An ongoing dialogue on HIV/AIDS, infectious diseases,
October 25th, 2022
Yes, Even ID Doctors Get COVID — Including Famous Ones
Since the start of the COVID-19 pandemic, various public figures have contracted the disease.
Tom Hanks, way back in early March 2020, was arguably the first globally famous person in the world to test positive for the virus. The announcement came right as much of the world prepared to shut down. My friends and I were wrapping up what would be our last indoor poker game for over a year when the news broke.
“Tom Hanks and wife test positive for corona,” said my friend Scott, looking at his phone between hands. We all reflexively reached for the hand sanitizer I’d strategically placed beside each person’s chair. Hey, back then it was fomites — remember?
Hanks made the news public in a typically generous and optimistic way. He’s the nicest super-famous-rich person on the planet, isn’t he? And his COVID episode elicited sympathy, and hope for a quick recovery, for both him and his wife.
But he’s a beloved actor, and hardly the kind of person to bring out the meanies.
Because since then, in lockstep with a virus that has infected a massive proportion of the world’s population, we’ve had a veritable cavalcade of famous people come down with COVID.
Let’s see, off the top of my head — two presidents, one vice president, prime ministers, numerous other politicians, multiple actors, several radio and TV talk show hosts, athletes, rock stars. You name it.
Plus, Tony Fauci.
And now, my friend and former colleague, CDC Director Rochelle Walensky. The announcement came just as we were finishing our first in-person meeting, IDWeek — which, as I predicted, was filled with unmasked work-related and social gatherings in conference rooms, hotel lobbies, and restaurants.
“This Marriott must have some special anti-infective power,” said one of my colleagues. “Seems when you leave the convention center and enter the lobby, you no longer need a mask.”
So why bring up the CDC director’s case of COVID? Because it has elicited one of my least favorite aspects of the pandemic since it started — the tendency for some people to gloat about another person’s illness, criticize that person, and to use it as a way of endorsing their particular stance on the disease.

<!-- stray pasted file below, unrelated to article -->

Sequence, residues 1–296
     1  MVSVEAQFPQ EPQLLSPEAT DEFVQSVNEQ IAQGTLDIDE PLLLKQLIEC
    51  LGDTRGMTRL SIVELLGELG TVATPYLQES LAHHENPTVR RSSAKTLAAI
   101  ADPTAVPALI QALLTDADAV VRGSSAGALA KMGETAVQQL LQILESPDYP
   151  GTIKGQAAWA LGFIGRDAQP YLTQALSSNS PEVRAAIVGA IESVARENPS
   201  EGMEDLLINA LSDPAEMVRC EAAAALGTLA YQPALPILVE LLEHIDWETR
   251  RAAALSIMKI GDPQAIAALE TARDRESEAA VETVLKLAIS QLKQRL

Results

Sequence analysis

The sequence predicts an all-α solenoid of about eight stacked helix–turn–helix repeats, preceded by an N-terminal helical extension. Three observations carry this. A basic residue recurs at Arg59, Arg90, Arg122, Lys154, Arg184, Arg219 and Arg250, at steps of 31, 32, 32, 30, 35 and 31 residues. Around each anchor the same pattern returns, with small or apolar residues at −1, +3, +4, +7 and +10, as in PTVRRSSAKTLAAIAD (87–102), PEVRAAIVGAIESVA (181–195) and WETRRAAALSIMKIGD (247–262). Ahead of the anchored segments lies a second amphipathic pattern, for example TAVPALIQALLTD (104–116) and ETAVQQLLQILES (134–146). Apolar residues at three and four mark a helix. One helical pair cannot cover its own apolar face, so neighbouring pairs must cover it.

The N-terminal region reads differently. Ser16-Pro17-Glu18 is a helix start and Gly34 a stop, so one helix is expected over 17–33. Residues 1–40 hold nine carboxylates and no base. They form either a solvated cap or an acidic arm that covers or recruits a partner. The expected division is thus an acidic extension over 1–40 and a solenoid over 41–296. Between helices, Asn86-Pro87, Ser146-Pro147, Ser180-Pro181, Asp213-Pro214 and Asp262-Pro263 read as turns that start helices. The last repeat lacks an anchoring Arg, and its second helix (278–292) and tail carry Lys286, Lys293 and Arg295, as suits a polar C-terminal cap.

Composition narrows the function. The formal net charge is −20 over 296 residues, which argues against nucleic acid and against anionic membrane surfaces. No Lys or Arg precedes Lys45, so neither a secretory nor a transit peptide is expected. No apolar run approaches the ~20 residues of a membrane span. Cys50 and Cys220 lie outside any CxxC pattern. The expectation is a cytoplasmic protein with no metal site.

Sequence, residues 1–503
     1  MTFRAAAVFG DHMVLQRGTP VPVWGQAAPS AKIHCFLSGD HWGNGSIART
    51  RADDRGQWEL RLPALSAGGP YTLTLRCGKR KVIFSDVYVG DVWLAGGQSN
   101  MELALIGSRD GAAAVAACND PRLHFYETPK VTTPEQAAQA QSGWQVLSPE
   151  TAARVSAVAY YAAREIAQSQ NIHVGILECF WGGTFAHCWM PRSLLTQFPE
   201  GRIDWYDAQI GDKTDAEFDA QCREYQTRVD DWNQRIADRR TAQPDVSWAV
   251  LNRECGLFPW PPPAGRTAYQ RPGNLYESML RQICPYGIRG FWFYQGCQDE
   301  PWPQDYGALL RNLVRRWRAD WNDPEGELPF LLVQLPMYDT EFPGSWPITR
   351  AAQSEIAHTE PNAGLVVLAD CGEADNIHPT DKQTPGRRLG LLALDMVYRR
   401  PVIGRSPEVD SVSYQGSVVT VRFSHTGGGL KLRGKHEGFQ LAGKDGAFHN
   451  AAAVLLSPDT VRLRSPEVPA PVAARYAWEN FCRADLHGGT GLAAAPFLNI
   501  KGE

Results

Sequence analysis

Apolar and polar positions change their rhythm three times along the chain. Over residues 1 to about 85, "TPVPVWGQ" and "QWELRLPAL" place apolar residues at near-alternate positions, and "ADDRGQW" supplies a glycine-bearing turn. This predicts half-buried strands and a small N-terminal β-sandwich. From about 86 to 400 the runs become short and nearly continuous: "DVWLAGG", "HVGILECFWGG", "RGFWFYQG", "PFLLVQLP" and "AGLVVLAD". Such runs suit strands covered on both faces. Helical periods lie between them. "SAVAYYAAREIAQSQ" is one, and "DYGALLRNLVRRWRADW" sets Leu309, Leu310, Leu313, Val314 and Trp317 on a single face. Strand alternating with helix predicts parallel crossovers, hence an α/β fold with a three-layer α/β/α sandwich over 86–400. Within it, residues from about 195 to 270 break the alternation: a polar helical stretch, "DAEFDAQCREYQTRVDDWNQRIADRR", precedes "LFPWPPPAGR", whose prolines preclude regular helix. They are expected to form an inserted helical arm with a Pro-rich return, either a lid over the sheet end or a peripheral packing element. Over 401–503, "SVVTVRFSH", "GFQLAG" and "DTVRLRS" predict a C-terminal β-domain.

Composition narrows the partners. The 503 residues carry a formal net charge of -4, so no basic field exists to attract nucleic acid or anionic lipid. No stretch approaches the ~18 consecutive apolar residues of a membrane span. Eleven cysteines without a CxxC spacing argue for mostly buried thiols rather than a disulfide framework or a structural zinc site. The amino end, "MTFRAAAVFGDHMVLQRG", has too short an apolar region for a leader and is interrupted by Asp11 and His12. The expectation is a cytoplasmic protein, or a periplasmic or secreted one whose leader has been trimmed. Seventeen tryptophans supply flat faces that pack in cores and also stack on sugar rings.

Look, I made no secret about my opinion on how our former president handled the pandemic in the spring of 2020. But when he came down with COVID in the fall of that year, in the pre-vaccine era, and got pretty darn sick, I never wrote, or even said Good — he deserves it. Same goes for the parade of COVID-denialist radio talk show hosts, whose deaths struck me as both pathetic and tragic.
Frankly, it pained me to hear some friends and colleagues take this stance, and I shared my views with them at the time. You’re reveling in the illness and misery of others? Doesn’t that make you feel yucky?
Same happened with Dr. Fauci, and now Dr. Walensky — the negative reactions come from all around. Anti-vaxxers and libertarians on one side, COVID-zero and public health zealots on the other. Implication? You’re responsible for the mess we’re in; now this is your just desserts.
It’s painful to see and makes me so uncomfortable. Because the reality is that we’re all struggling to do our best with this tricky virus, which was only discovered in early 2020 — and hence leaves us reading a very new, and sometimes non-existent, playbook. There is no person whose call on policies or predictions could be 100% right, 100% of the time. Doesn’t matter how smart or famous you are.
So here’s a bold idea — how about we treat every person’s illness with the kindness and compassion we’d want when our friends, our family members, and we ourselves get sick?
It’s really not so hard to do, is it? After all, we did it with Tom Hanks.